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Choose Your Chocolates Well
A box of chocolates is the time-honored way to tell your valentine, “Honey, I love you so much, I spent big bucks on this delightfully packaged assortment of delicious bonbons.”
But if you don’t choose your chocolate carefully, you may inadvertently send an altogether different message, such as, “Honey, I’m such an ignorant clod that I bought you this box of waxy, artificially flavored chocolates made with cocoa beans harvested by child slave labor.”
The shops are bursting at the seams with elegant, raffia-ribboned boxes, but the contents may not be as tasteful as the packaging. Short of actually sampling them, though, how can you tell which chocolates make a thoughtful gift?
What goes into good chocolate?
The simple answer is, less is more. Read the list of ingredients; the shorter, the better. A high-quality chocolate requires only four things: cocoa beans, cocoa butter, sugar and vanilla. Many chocolates also contain an emulsifier, such as soy lecithin, to help blend the ingredients.
Don’t get distracted by the add-ons; the fruits, nuts, chipotle peppers or whatever the flavor of the month is. Focus on the primary ingredients. Vanillin, a cheap synthetic version of vanilla, is verboten, as are the cheap vegetable fats, or “cocoa butter equivalents,” used as a substitute for the far more expensive cocoa butter.
Now that chocolate is the new wine, choco-snobs are debating the respective merits of various cocoa bean plantations and conducting chocolate tastings. If you’d like a crash course in the finer points of the finest chocolates, get your hands on a copy of Chloé Doutre-Roussel’s excellent primer The Chocolate Connoisseur.
This deceptively small, Pepto-Bismol pink book provides an astonishingly thorough overview of the history of chocolate, where it’s at and where it’s headed. The author’s resumé is solid chocolate, ranging from her stint as chocolate buyer for Fortnum and Mason in London to her participation in a number of “chocolate societies” to her current status as consultant to some of the world’s finest chocolatiers.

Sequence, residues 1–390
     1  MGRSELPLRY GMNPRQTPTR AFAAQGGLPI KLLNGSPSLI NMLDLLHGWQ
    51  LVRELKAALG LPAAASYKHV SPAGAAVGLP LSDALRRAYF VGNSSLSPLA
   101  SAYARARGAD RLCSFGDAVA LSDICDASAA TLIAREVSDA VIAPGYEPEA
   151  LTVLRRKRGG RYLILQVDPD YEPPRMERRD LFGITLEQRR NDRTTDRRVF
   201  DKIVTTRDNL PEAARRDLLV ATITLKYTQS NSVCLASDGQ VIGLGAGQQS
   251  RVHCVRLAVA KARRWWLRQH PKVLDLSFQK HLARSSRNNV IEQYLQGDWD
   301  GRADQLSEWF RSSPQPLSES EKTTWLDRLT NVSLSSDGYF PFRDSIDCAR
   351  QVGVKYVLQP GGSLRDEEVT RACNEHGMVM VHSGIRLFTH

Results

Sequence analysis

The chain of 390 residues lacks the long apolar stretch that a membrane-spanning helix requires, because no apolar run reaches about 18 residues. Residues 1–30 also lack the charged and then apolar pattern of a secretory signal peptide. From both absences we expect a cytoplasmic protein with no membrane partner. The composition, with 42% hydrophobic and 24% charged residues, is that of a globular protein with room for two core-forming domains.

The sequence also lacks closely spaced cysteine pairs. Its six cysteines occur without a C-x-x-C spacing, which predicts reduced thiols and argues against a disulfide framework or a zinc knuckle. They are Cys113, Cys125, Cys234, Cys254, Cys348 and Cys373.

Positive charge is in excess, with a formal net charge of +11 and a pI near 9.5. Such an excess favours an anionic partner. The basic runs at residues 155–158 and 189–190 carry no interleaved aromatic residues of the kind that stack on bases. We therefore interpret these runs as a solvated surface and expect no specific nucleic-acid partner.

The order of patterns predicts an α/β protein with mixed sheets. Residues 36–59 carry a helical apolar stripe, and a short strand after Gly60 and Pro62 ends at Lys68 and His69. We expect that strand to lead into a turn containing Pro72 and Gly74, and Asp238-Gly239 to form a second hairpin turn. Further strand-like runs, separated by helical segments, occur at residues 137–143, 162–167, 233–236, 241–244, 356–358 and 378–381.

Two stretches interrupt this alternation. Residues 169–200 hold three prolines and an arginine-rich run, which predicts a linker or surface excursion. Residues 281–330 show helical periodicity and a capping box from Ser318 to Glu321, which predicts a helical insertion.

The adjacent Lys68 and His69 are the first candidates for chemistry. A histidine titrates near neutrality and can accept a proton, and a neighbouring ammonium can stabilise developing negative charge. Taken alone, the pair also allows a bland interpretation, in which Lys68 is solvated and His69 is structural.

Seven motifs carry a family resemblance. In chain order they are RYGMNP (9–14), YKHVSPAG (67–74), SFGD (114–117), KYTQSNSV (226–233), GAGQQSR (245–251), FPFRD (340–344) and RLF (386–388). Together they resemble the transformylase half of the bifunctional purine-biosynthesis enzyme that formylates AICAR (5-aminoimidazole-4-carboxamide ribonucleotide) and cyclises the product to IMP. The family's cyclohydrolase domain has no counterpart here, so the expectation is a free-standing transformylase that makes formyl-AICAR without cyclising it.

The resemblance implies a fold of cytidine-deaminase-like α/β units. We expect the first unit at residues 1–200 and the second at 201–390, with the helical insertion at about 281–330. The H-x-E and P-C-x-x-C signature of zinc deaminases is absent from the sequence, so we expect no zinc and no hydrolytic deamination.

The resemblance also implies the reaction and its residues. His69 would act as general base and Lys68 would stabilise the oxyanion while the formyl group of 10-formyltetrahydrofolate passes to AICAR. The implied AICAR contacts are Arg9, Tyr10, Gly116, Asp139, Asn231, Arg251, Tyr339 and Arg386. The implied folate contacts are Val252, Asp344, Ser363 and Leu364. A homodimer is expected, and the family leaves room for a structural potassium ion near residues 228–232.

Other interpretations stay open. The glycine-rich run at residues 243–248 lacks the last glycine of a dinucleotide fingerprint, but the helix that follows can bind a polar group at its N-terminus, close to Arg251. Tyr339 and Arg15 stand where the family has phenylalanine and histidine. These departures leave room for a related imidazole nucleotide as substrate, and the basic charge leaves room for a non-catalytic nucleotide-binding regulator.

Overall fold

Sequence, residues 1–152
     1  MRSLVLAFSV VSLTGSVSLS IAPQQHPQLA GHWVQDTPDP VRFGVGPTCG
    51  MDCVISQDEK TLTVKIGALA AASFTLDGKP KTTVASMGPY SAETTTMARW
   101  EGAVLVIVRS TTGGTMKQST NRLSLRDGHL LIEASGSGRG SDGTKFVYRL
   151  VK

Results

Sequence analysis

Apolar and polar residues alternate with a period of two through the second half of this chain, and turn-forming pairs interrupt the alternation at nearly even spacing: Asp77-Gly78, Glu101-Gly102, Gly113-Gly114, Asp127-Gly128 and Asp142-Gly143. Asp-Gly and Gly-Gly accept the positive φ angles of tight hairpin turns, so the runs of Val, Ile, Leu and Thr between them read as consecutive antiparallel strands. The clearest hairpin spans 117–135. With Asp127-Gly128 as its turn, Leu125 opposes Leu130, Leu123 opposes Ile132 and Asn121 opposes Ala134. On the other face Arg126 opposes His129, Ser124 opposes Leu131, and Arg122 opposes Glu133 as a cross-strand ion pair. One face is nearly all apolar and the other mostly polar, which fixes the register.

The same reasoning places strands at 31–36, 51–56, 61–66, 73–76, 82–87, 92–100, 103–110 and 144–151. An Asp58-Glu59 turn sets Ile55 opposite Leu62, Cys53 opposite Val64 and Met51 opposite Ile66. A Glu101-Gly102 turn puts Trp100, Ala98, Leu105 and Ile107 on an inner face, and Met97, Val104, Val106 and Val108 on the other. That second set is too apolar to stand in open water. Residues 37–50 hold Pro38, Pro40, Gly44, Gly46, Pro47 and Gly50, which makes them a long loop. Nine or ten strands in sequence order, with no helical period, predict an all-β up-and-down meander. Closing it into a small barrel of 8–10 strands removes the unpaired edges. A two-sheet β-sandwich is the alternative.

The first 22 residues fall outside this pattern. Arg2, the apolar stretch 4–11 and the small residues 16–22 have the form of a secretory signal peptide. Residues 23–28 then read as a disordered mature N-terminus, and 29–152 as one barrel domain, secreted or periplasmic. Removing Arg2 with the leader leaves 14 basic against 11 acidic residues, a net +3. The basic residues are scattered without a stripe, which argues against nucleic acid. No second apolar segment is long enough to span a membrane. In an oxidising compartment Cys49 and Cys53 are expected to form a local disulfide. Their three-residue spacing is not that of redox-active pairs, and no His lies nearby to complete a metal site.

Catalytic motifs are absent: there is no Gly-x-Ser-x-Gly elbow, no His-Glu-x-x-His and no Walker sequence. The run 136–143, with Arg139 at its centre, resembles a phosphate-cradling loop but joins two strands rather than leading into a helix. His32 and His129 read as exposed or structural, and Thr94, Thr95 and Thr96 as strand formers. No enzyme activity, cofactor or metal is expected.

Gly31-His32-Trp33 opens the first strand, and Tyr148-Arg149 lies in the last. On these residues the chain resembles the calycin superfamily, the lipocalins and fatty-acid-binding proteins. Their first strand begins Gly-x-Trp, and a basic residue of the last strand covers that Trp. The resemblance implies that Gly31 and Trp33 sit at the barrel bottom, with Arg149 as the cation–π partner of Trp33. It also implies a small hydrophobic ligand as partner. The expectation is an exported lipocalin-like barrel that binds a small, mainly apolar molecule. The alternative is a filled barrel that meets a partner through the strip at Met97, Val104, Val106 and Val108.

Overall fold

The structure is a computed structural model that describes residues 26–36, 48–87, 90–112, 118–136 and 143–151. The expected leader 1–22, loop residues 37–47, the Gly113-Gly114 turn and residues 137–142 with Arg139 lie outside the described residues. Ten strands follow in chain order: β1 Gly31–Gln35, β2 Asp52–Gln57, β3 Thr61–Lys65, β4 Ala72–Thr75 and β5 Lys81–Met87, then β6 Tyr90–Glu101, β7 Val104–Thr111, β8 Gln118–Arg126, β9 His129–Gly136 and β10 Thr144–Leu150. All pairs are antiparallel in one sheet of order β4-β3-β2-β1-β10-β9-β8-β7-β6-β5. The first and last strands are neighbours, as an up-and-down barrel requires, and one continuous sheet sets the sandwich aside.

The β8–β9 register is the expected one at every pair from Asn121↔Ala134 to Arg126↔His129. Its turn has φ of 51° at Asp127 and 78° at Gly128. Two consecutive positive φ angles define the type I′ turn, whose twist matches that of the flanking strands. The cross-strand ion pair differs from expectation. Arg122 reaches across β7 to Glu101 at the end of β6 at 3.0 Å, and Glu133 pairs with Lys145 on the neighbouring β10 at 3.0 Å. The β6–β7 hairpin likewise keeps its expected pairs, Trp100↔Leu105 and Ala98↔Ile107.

Ms. Doutre-Roussel, who consumes a pound of chocolate daily (not coincidentally, she also swims for an hour each day), explains why high-quality chocolates are not just so much better tasting, but better for you. We keep hearing about all the supposed health benefits of chocolate, but, as Ms. Doutre-Roussel points out, this really only applies to high-quality chocolates made with good ingredients. (Sorry, all you Snickers fans.)
I knew that chocolate was high in fat, but I had no idea that cocoa butter, like olive oil, is high in good fat. That little nugget of good news is worth $18.95 all by itself! Who knew? As for dark chocolate’s antioxidant content, Doutre-Roussel cites a Cornell University study which found that “a cup of hot cocoa (made with cocoa powder) has twice as many healthy antioxidants as a glass of red wine, and four times more than a cup of green tea.”
How is good chocolate made?
As for organic, fair trade chocolate, the good news, according to Doutre-Roussel, is that more and more cocoa bean producers are seeking organic certification and we can look forward to “higher quality and more flavorful beans in the future.”
In the meantime, the only organic chocolates that Ms. Doutre-Roussel recommends are Green & Black, and Dagoba, as well as a “quinoa and dark chocolate bar by Kaoka of France.” As for the rest, she writes, “Every time I eat organic chocolate a little voice in my head says, ‘Just let me give a check to the co-operative, but please don’t make me eat this!’”
One chocolatier who’s producing outstanding chocolates in a socially responsible way is Michel Cluizel, a French company that opened its first North American shop at New York’s ABC Home and ships its chocolates overnight to anywhere in the U.S.
The Cluizel family has a personal relationship with every plantation that supplies their cocoa beans, and does not purchase any cocoa beans from the Ivory Coast, where child slave labor has become so serious an issue that several corporations who do buy their beans from these plantations have been sued.
And the Cluizel chocolates, for my money, are among the best I’ve ever tasted.
Among the best: the dark chocolate-covered Morello cherries aged in Kirsch, and dark chocolate ginger “twigs.” The dark chocolate salted caramels are a favorite, as well. But it all looks equally enticing. Start with the finest ingredients, and you’ll finish with the finest chocolate. It’s that simple.